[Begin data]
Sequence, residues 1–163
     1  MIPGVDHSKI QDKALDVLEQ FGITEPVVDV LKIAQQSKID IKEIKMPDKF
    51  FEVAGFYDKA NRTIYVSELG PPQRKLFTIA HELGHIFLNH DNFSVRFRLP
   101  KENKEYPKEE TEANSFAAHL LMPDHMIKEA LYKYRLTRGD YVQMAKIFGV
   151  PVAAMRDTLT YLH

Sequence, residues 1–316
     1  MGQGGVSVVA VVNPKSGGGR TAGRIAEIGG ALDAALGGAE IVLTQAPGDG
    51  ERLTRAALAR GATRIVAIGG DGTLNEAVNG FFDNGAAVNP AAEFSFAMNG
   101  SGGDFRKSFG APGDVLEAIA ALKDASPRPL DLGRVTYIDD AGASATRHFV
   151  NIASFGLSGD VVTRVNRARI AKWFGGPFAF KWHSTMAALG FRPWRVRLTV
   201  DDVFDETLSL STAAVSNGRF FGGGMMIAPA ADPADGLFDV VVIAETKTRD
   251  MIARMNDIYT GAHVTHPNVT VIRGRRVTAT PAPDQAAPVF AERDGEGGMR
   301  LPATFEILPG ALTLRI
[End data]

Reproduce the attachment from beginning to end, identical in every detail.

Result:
Sequence, residues 1–163
     1  MIPGVDHSKI QDKALDVLEQ FGITEPVVDV LKIAQQSKID IKEIKMPDKF
    51  FEVAGFYDKA NRTIYVSELG PPQRKLFTIA HELGHIFLNH DNFSVRFRLP
   101  KENKEYPKEE TEANSFAAHL LMPDHMIKEA LYKYRLTRGD YVQMAKIFGV
   151  PVAAMRDTLT YLH

Sequence, residues 1–316
     1  MGQGGVSVVA VVNPKSGGGR TAGRIAEIGG ALDAALGGAE IVLTQAPGDG
    51  ERLTRAALAR GATRIVAIGG DGTLNEAVNG FFDNGAAVNP AAEFSFAMNG
   101  SGGDFRKSFG APGDVLEAIA ALKDASPRPL DLGRVTYIDD AGASATRHFV
   151  NIASFGLSGD VVTRVNRARI AKWFGGPFAF KWHSTMAALG FRPWRVRLTV
   201  DDVFDETLSL STAAVSNGRF FGGGMMIAPA ADPADGLFDV VVIAETKTRD
   251  MIARMNDIYT GAHVTHPNVT VIRGRRVTAT PAPDQAAPVF AERDGEGGMR
   301  LPATFEILPG ALTLRI